Journal Article Arora M, Weuve J, Schwartz J, Wright RO. Association of environmental cadmium exposure with pediatric dental caries. Environmental Health Perspectives 2008;116(6):821-825. R831725 (2007)
R831725 (2009)
R831725C001 (2007)
R831725C001 (2008)
R831725C003 (2007)
R831725C004 (2007)
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  • Journal Article Brain JD, Heilig E, Donaghey TC, Knutson MD, Wessling-Resnick M, Molina RM. Effects of iron status on transpulmonary transport and tissue distribution of Mn and Fe. American Journal of Respiratory Cell and Molecular Biology 2006;34(3):330-337. R831725 (2005)
    R831725 (2007)
    R831725 (2009)
    R831725C001 (2007)
    R831725C003 (2005)
    R831725C003 (2007)
    R831725C003 (2008)
    R831725C004 (2007)
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  • Journal Article Heilig EA, Thompson KJ, Molina RM, Ivanov AR, Brain JD, Wessling-Resnick M. Manganese and iron transport across pulmonary epithelium. American Journal of Physiology–Lung Cellular and Molecular Physiology 2006;290(6):L1247-L1259. R831725 (2005)
    R831725 (2007)
    R831725 (2009)
    R831725C001 (2007)
    R831725C003 (2005)
    R831725C003 (2007)
    R831725C003 (2008)
    R831725C004 (2007)
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  • Journal Article Heilig E, Molina R, Donaghey T, Brain JD, Wessling-Resnick M. Pharmacokinetics of pulmonary manganese absorption: evidence for increased susceptibility to manganese loading in iron-deficient rats. American Journal of Physiology–Lung Cellular and Molecular Physiology 2005;288(5):L887-L893. R831725 (2007)
    R831725 (2009)
    R831725C001 (2007)
    R831725C003 (2005)
    R831725C003 (2007)
    R831725C004 (2007)
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  • Journal Article Hu H, Shine J, Wright RO. The challenge posed to children’s health by mixtures of toxic waste: the Tar Creek Superfund Site as a case-study. Pediatric Clinics of North America 2007;54(1):155-175. R831725 (2007)
    R831725 (2009)
    R831725C001 (2007)
    R831725C003 (2007)
    R831725C004 (2007)
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  • Journal Article Schaider LA, Senn DB, Brabander DJ, McCarthy KD, Shine JP. Characterization of zinc, lead, and cadmium in mine waste: implications for transport, exposure, and bioavailability. Environmental Science and Technology 2007;41(11):4164-4171. R831725 (2007)
    R831725 (2009)
    R831725C001 (2007)
    R831725C003 (2007)
    R831725C004 (2007)
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  • Journal Article Surkan PJ, Schnaas L, Wright RJ, Tellez-Rojo MM, Lamadrid-Figueroa H, Hu H, Hernandez-Avila EM, Bellinger DC, Schwartz J, Perroni E, Wright RO. Maternal self-esteem, exposure to lead, and child neurodevelopment. NeuroToxicology 2008;29(2):278-285. R831725 (2007)
    R831725 (2009)
    R831725C001 (2007)
    R831725C001 (2008)
    R831725C003 (2007)
    R831725C004 (2007)
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  • Journal Article Thompson K, Molina RM, Brain JD, Wessling-Resnick M. Belgrade rats display liver iron loading. Journal of Nutrition 2006;136(12):3010-3014. R831725 (2007)
    R831725 (2009)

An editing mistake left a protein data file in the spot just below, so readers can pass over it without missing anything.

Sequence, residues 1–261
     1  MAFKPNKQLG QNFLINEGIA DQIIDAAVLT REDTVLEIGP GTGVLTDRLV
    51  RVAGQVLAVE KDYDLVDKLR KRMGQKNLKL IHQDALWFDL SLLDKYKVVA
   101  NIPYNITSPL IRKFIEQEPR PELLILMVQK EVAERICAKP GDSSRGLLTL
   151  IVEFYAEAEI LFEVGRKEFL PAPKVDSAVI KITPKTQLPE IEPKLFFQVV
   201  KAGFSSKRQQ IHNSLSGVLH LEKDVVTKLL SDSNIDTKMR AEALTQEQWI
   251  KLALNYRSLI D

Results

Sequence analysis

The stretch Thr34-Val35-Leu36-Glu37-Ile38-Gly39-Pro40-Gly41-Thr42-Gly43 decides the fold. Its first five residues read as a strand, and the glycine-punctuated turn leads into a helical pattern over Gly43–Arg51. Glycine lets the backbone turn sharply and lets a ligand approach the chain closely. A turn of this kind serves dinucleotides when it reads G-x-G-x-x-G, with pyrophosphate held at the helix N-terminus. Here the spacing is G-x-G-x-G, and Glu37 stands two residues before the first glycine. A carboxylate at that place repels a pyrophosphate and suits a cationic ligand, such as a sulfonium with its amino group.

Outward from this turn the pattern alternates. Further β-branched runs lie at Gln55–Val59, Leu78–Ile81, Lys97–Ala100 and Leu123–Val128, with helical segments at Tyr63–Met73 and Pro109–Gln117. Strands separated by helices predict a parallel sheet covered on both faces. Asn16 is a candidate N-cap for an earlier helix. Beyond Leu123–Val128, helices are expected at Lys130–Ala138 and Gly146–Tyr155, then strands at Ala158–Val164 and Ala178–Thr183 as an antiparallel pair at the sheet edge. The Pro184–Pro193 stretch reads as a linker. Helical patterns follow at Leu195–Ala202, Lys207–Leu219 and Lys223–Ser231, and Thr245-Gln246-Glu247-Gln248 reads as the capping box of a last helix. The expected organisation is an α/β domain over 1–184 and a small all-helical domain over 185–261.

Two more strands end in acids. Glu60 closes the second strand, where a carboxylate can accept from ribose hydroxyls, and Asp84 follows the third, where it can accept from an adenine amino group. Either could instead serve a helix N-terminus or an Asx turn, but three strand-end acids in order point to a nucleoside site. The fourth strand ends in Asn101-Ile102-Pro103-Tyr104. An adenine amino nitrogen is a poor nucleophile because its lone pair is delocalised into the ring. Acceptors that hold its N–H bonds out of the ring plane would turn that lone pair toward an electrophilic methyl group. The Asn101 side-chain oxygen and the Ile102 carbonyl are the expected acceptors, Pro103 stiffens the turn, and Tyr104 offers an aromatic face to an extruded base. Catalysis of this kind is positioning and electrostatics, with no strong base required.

R831725C001 (2007)
    R831725C003 (2007)
    R831725C003 (2008)
    R831725C004 (2007)
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  • Full-text: Journal of Nutrition-Full Text HTML
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  • Journal Article Thompson K, Molina R, Donaghey T, Brain JD, Wessling-Resnick M. The influence of high iron diet on rat lung manganese absorption. Toxicology and Applied Pharmacology 2006;210(1-2):17-23. R831725 (2005)
    R831725 (2007)
    R831725 (2009)
    R831725C001 (2007)
    R831725C003 (2005)
    R831725C003 (2007)
    R831725C003 (2008)
    R831725C004 (2007)
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  • Journal Article Thompson K, Molina RM, Donaghey T, Schwob JE, Brain JD, Wessling-Resnick M. Olfactory uptake of manganese requires DMT1 and is enhanced by anemia. FASEB Journal 2007;21(1):223-230. R831725 (2007)
    R831725 (2009)
    R831725C001 (2007)
    R831725C003 (2007)
    R831725C003 (2008)
    R831725C004 (2007)
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  • Journal Article Thompson K, Molina RM, Donaghey T, Brain JD, Wessling-Resnick M. Iron absorption by Belgrade rat pups during lactation. American Journal of Physiology-Gastrointestinal and Liver Physiology 2007;293(3):G640-G644. R831725 (2007)
    R831725 (2009)
    R831725C001 (2007)
    R831725C003 (2007)
    R831725C003 (2008)
    R831725C004 (2007)
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  • Journal Article Wright RO, Baccarelli A. Metals and neurotoxicology. The Journal of Nutrition 2007;137(12):2809-2813. R831725 (2007)
    R831725 (2009)
    R831725C001 (2007)
    R831725C003 (2007)
    R831725C004 (2007)
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  • Supplemental Keywords:

    RFA, Health, Scientific Discipline, ENVIRONMENTAL MANAGEMENT, INTERNATIONAL COOPERATION, Waste, Environmental Chemistry, Health Risk Assessment, Biochemistry, Hazardous Waste, Children's Health, Hazardous, Risk Assessment, community-based intervention, fate and transport , developmental toxicity, Human Health Risk Assessment, neurodevelopmental toxicity, children's environmental health, mining waste, metal wastes, metals, human health risk, metal contamination

    Progress and Final Reports:

    Original Abstract
  • 2004 Progress Report
  • 2005 Progress Report
  • 2006
  • 2008 Progress Report
  • 2009
  • Final

  • Main Center Abstract and Reports:

    R831725    Harvard Center for Children’s Environmental Health and Disease Prevention Research

    Subprojects under this Center: (EPA does not fund or establish subprojects; EPA awards and manages the overall grant for this center).
    R831725C001 Metals, Nutrition, and Stress in Child Development
    R831725C002 Exposure Assessment of Children and Metals in Mining Waste: Composition, Environmental Transport, and Exposure Patterns
    R831725C003 Manganese, Iron, Cadmium, and Lead Transport from the Environment to Critical Organs During Gestation and Early Development in a Rat Model
    R831725C004 Metals Neurotoxicity Research Project